Clear and cold nights are perfect for early evening observing. Get a quick look then duck back in to warm up. If you’ve been wondering what that big, bright “star” is in the southwest after sunset, it’s Venus, brightest of all the planets. If you know where to look, you can even spot the stunning gem before sunset. We’ll talk about how to do it in a moment, but first let’s admire the brilliance of this planet. Easily visible 30 minutes after sundown, Venus now resides in the zodiac constellation, Capricornus the sea goat and remains visible till around 730 p.m. local time, well past the end of evening twilight.
Not quite two fists to the upper left of Venus, Mars shines meekly in comparison but possesses a distinctly reddish hue. Can you guess how much brighter Venus is than Mars? Five times? Ten times? They’re currently five magnitudes apart in brightness. Since each magnitude step is 2.5 times brighter than the next, that comes to 2.5 x 2.5 x 2.5 x 2.5 x 2.5 = 97.6. Call it 100. So Venus is 100 times brighter than Mars!
One reason why is that Venus is 100% cloudy, so it reflects much of the light it receives from the sun. Another reason is distance: Venus is only 80 million miles (129 million km) away, Mars is 144 million (232 million km). Yet another reason is size: Venus is 7,521 miles (12,103 km) in diameter and Mars 4,212 miles (6,778 km). Mars also has a smaller surface area from which to reflect light.
I put the scope on Venus and enjoyed seeing its phase, now 62% illuminated, oval-shaped and looking like a waning gibbous moon. Mars was much smaller, so I had to use higher magnification to see anything at all. Earth and Mars were closest in May (47 million miles away), when the Red Planet appeared larger and showed lots of detail to the patient eye. The two planets have since parted and Mars has shrunk! Although no details were seen on its glaring pink disk, its phase was obvious in the scope, a waxing 3/4 or gibbous.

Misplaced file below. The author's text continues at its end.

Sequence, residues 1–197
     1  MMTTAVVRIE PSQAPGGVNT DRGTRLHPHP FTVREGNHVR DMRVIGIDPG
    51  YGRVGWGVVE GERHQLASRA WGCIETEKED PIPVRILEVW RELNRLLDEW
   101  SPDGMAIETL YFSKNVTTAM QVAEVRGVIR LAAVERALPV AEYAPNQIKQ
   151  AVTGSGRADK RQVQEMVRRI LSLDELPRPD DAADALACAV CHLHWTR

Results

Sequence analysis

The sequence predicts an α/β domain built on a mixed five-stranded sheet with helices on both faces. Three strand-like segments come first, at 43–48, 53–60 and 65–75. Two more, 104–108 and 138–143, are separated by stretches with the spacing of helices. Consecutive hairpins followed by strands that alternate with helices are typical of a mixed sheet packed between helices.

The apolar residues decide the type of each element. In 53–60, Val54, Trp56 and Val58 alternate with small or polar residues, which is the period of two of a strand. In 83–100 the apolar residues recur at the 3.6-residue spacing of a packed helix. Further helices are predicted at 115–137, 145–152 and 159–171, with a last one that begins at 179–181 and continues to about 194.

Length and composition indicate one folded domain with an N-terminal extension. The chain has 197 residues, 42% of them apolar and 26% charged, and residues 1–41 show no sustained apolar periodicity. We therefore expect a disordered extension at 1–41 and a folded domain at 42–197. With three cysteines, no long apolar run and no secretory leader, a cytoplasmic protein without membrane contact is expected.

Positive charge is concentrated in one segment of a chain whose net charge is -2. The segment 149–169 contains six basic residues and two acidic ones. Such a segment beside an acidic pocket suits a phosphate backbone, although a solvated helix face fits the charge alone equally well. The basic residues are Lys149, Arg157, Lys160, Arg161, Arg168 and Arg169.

Because Mars orbits the sun outside of Earth’s orbit, it typically appears like a tiny full moon in contrast to the inner planets Venus and Mercury, which can show all phases from crescent to full. They’re able to do this because they can appear on the opposite side of the sun as well as between the Earth and sun. Mars, with an orbit outside of Earth’s, can never come between our planet and the sun.
But when the planet lies at a right angle to Earth and the Sun, called quadrature, we see around into his shadowed side a bit, and Mars appears slightly shaded instead of completely full and round. To see Mars’ phase, you’ll need a telescope that can magnify about 100x. For Venus, 30x will do because the planet appears much larger. To find Venus before sunset, line up the planet with a landmark after sunset and then look slightly above and left of that spot shortly before sunset.
It’s nice to have a big planetary light at Christmas, just one of the reasons seeing Venus makes me happy inside these nights. Watch as the planet and Mars gradually approach one another over the next 6 weeks. They’ll reach a minimum separation of just 5° in late January before Venus makes a hard right and heads back toward the sun.